The interior of the deposition chamber is maintained at a low pressure (e.g., 13.33 Pa (0.1 Torr) or less). Hydrogen or hydrogen radicals are supplied to the gas ejection nozzle body 501, and a gas for Cu organic metal material is supplied to the gas ejection nozzle body 502. The two gas ejection nozzle bodies 501 and 502 are integrally reciprocated or are reciprocated at varied speeds. Further, supplied gases are switched when a first half reciprocating movement is completed. Specifically, a gas for Cu organic metal material is supplied to the gas ejection nozzle body 501, and hydrogen or hydrogen radicals are supplied to the gas ejection nozzle body 502. Then, a second half reciprocating movement is started. These operations are repeated (or may be performed only once). Thus, a Cu thin film is formed on the upper surface of the wafer W.

Sensors 552 for measuring the film thickness on the surface of the wafer are attached to the gas ejection nozzle bodies 501 and 502. These sensors 552 may comprise various sensors including an eddy-current sensor and an optical sensor. Both of the gas ejection nozzle bodies 501 and 502 may not have sensors, and either one of the gas ejection nozzle bodies 501 and 502 may have a sensor. When the gas ejection nozzle bodies 501 and 502 are reciprocated on the wafer, film thickness information can be obtained in a radial direction of the wafer W. The amounts of gases G to be supplied from the gas ejection nozzle bodies 501 and 502 are controlled so that the film thickness converges on the aforementioned reference signal. For example, when a uniform film thickness is to be achieved over the entire surface of the wafer W based on the reference signal, the flow rate of gases are controlled in synchronism with the reciprocating movement of the gas ejection nozzle bodies 501 and 502.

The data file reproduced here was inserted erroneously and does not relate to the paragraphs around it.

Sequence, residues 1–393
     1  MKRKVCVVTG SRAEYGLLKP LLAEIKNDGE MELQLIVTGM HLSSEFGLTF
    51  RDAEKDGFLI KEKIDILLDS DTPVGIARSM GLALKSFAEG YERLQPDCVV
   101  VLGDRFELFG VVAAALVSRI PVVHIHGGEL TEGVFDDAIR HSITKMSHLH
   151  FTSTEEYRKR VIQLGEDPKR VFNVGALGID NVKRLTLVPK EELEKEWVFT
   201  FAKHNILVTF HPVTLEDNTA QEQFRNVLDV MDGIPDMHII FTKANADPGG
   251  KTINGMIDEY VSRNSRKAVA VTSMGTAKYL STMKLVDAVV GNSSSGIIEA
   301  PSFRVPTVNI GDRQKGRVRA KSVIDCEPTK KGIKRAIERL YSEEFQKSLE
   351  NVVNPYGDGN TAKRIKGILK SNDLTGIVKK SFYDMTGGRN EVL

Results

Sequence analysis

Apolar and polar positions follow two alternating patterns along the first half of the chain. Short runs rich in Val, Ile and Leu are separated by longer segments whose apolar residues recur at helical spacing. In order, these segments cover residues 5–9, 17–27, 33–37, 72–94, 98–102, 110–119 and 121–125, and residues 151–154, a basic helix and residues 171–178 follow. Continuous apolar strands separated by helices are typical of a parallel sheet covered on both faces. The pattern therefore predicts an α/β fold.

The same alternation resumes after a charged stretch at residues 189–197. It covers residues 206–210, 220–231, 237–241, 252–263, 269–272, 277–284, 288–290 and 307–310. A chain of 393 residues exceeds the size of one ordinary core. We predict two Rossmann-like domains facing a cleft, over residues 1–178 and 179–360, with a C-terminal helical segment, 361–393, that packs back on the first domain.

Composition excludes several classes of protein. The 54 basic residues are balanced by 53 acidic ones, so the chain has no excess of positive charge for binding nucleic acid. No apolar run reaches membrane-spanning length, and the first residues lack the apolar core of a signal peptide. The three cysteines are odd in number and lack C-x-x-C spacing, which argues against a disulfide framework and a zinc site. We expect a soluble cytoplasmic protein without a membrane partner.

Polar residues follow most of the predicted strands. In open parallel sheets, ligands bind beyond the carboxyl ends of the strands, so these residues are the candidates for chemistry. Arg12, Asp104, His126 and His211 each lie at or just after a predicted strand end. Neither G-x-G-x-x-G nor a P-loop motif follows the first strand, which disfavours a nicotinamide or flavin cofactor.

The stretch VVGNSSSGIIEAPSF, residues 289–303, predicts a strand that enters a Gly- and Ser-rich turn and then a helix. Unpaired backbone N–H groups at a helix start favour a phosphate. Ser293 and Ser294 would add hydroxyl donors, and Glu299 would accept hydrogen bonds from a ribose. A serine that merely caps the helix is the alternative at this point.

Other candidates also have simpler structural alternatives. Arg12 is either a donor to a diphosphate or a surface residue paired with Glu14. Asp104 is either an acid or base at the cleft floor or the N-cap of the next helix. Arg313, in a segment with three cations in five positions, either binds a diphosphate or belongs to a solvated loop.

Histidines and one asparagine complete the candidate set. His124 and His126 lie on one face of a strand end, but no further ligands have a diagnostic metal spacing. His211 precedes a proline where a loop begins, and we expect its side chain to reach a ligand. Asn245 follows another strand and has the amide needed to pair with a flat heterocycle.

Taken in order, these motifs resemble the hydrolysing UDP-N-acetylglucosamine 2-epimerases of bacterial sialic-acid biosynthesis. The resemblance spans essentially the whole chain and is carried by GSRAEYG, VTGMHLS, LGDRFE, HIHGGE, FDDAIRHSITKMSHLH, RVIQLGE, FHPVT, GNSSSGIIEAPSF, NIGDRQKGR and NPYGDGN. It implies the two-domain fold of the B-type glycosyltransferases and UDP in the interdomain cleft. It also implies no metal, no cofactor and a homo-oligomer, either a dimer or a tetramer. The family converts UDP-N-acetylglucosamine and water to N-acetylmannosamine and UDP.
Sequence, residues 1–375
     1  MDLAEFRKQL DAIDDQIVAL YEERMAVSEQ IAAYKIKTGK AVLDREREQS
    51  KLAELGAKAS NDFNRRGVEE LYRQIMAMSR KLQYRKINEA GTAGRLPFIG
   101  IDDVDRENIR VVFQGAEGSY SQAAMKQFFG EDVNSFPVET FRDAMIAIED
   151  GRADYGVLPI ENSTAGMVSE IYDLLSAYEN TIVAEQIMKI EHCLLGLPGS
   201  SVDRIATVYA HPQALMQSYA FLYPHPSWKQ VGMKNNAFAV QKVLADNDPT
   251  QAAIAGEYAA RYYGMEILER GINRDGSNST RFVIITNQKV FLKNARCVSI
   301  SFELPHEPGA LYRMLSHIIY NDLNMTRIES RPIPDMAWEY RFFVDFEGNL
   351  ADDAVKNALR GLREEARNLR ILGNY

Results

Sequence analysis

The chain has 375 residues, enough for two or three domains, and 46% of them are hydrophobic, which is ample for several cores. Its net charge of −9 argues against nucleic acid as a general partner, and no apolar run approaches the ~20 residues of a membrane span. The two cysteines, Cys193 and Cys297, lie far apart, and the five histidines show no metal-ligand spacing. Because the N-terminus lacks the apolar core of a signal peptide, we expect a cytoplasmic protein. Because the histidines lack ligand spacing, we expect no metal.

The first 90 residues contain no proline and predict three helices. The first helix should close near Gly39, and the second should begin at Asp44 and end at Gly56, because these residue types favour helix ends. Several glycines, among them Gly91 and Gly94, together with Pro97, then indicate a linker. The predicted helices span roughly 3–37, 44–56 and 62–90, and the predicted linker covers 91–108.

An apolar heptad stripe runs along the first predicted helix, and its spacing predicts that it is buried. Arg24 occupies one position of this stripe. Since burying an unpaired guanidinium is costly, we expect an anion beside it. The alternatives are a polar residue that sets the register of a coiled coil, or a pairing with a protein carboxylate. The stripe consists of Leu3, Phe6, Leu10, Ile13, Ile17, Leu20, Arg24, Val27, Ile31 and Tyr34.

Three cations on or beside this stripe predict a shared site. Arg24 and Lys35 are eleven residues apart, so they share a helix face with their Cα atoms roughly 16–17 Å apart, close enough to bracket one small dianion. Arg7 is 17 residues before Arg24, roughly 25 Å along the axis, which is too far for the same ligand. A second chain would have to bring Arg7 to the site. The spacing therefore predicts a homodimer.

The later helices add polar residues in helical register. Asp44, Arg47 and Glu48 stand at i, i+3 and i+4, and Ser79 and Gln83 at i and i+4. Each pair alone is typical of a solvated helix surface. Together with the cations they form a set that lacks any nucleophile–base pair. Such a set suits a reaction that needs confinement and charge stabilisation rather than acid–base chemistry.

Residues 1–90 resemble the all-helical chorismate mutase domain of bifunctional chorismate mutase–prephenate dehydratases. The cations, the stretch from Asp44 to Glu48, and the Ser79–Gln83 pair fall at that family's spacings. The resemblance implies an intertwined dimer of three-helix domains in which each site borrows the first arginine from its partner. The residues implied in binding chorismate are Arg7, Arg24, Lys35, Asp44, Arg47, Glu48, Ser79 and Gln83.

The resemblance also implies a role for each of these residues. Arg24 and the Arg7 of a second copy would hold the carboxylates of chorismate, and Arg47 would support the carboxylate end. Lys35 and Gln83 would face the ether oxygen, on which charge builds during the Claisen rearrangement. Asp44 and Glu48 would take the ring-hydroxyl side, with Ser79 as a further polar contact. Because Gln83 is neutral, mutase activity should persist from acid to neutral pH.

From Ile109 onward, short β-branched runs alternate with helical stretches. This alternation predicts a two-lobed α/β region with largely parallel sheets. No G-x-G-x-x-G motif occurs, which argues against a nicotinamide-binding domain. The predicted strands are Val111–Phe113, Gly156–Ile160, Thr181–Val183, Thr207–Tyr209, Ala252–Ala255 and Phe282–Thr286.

Although certain preferred embodiments of the present invention have been described in detail, the present invention is not limited to the above embodiments. It should be understood that various changes and modifications may be made therein without departing from the scope of the present invention.

The present invention is suitable for use in a polishing apparatus for polishing and planarizing a substrate such as a semiconductor wafer.

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Classifications
U.S. Classification700/108, 700/28, 451/5
International ClassificationB24B51/00, B24B37/04, G06F19/00, B24B49/10, B24B49/00, G05B13/02
Cooperative ClassificationB24B37/005, B24B49/10
European ClassificationB24B49/10, B24B37/005